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Twice as Vice

Letters from the week of July 10, 2003

Hook, line and sinker: Regarding C.J. Janovy's Kansas City Strip (June 26): Don't you guys have DANGEROUS criminals on your streets? What a waste of money entrapping escorts and their clients!

Why not just go door to door and search people's homes? Surely they'd find dangerous criminals that way, too, but Gestapo tactics are not the American way. Leaving consenting adults alone when they are in private IS the American way.

This "vice squad" is a threat to freedom, a waste of taxpayer money and an enemy of America.
Ronald Heiman
Las Vegas

Train of Thought
Grand railroad funk: Regarding Casey Logan's piece on Clay Chastain (Kansas City Strip, June 19): I believe that Clay has been underappreciated and not taken seriously enough.

I am 21 years old and have no vehicle, due to my lack of funds. Though I have the option of riding the city bus (and have ridden it), I loathe the bus. It's never on time, it doesn't go to a variety of places, and you have to schedule your day around what time you think the bus will arrive -- or, in many cases, not arrive.

Being from the western side of KCK, I would have to hop on and off of several buses to take the bus downtown. If light rail were to connect KCK, Johnson County and downtown KCMO, I believe people would ride and there would be a flow of people into downtown and elsewhere. People need to stop looking at the financial picture and look at the idea of light rail, street cars or any other type of transportation that isn't a bus.

It is time for this area to get a shake-up in the way it lives. The residents of Kansas City, Missouri, have voted to raise taxes to support better roads more times than I can count, and lord if I can see any road improvements. I think people should try light rail, and if it does fail miserably, then they can get the satisfaction of saying "I told you so" and can get back in their nice little cars, waste more money on roads and proceed to fall into another pothole.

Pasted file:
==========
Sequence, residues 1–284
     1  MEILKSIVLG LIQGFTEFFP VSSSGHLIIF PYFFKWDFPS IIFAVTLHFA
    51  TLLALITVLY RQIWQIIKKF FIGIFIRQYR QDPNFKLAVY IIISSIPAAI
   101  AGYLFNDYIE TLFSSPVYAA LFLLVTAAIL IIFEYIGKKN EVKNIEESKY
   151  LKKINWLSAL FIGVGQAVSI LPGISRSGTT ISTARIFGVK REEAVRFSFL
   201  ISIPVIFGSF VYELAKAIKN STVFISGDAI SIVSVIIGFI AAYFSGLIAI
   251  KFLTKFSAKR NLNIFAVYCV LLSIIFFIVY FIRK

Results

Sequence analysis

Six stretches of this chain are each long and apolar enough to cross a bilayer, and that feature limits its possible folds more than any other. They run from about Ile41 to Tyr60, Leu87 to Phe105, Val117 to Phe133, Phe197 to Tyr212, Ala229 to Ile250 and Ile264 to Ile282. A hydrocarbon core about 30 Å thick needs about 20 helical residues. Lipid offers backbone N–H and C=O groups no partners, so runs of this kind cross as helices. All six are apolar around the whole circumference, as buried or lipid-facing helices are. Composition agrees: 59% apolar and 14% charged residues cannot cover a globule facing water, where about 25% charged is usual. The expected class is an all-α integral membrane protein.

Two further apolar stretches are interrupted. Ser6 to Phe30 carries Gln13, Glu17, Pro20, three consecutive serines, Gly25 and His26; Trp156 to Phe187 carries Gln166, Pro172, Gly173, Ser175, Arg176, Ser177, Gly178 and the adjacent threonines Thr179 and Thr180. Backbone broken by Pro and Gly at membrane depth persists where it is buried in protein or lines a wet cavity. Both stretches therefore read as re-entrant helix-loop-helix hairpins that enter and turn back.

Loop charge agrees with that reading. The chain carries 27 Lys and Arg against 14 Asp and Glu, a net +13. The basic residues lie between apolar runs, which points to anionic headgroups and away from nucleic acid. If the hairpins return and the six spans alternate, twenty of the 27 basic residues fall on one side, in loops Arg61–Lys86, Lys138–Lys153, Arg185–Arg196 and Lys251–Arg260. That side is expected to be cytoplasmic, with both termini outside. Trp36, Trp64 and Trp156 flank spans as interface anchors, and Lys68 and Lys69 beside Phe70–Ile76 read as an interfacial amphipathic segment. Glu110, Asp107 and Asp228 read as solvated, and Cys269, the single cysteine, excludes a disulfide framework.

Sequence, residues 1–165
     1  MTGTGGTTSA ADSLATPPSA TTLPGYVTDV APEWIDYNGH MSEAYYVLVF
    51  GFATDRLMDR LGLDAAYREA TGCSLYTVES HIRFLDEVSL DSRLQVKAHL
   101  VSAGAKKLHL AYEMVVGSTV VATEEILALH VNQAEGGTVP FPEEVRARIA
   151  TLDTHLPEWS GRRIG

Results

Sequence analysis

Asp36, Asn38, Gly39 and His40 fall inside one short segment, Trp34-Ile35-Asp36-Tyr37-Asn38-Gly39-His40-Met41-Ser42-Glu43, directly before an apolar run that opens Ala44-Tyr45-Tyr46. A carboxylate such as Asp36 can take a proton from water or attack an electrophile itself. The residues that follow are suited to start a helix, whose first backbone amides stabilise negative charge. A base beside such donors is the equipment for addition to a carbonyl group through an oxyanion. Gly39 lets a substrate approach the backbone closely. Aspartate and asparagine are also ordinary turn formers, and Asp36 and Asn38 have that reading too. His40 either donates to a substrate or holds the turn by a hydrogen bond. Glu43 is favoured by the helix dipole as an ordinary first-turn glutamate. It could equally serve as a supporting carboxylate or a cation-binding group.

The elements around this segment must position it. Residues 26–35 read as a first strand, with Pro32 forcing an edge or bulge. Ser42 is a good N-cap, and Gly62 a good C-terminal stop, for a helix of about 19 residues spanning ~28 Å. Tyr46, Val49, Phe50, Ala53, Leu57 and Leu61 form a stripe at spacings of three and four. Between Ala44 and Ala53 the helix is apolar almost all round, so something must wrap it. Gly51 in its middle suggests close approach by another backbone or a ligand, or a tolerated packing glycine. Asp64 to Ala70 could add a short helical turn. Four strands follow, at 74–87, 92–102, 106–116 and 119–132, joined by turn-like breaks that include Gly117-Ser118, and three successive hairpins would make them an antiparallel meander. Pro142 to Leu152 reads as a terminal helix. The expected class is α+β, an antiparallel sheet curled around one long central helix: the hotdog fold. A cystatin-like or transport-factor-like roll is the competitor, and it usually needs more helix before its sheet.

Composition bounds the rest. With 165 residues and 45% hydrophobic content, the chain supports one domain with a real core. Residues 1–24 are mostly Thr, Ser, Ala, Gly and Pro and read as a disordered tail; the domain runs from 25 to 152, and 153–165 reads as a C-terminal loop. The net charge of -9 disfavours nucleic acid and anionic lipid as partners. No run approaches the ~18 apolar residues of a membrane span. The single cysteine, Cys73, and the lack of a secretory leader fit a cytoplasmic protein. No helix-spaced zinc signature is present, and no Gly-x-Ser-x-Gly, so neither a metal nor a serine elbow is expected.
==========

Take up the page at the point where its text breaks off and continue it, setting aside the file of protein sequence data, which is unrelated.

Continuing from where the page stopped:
Name Withheld Upon Request

Repo Depot
Drive me crazy: Allie Johnson's "Repo Men" (July 3) reminds me of her article on Shawnee Mission Ford and their corrupt dealings with car buyers ("Hell on Wheels," September 5, 2002). I hear Shawnee Mission Ford has turned over a new leaf. YEAH, RIGHT.

Is this Neil's Finance Plaza the same one that advertises on TV with the three kids assisting the father in telling how easy it is to buy a car? If it is, then the father should be real proud of himself. In my opinion, this is bordering on the grounds of child abuse. Just like parents who do drugs or are criminals, the chance that their kids will turn out the same is quite high. Similarly, the children shown in the TV ad will probably grow up to be used-car salesmen(women).

This Steve Coffin guy is a peach, too -- no wonder used-car salesmen and attorneys all come from the same mold. It is very evident that these customers are people who are down on their luck, and charging them 19 percent to 22 percent interest when in today's market you're lucky to get 2 percent on a CD ... I will bet that the Neil's folks are living high on the hog, at the expense of people who need a break, not a hosing.
Name Withheld Upon Request

Broken Home
Good deeds done dirt cheap: Regarding Allie Johnson's "Unnatural Habitat" (June 26): The problems experienced by the Habitat for Humanity folks in dealing with dissatisfied clients is proof positive that "No good deed goes unpunished." Kelly Willoughby is learning this valuable lesson the hard way.
Kenneth Lee

Off the wall: From the perspective of a Habitat volunteer, I read Allie Johnson's article with interest. I am disappointed that Ms. Madison has chosen such a difficult path. I am sure had she been more objective, a solution would have been achieved. At this point, she will never be satisfied.

At any rate, my objective for this writing is to pose a question preceded by a witnessed scenario: Cleaning homes part time afforded me the opportunity to be inside a myriad of price levels, from a two-bedroom apartment to a million-dollar home. Routinely in the price range of $300,000-$400,000 homes, I observe paint chips on windows and doors and cracks in the 90 degree wall angles. Questions: Are there any statistics about customer dissatisfaction with the expensive, for-hire builders? And if so, what is the final outcome?
Mae Harbor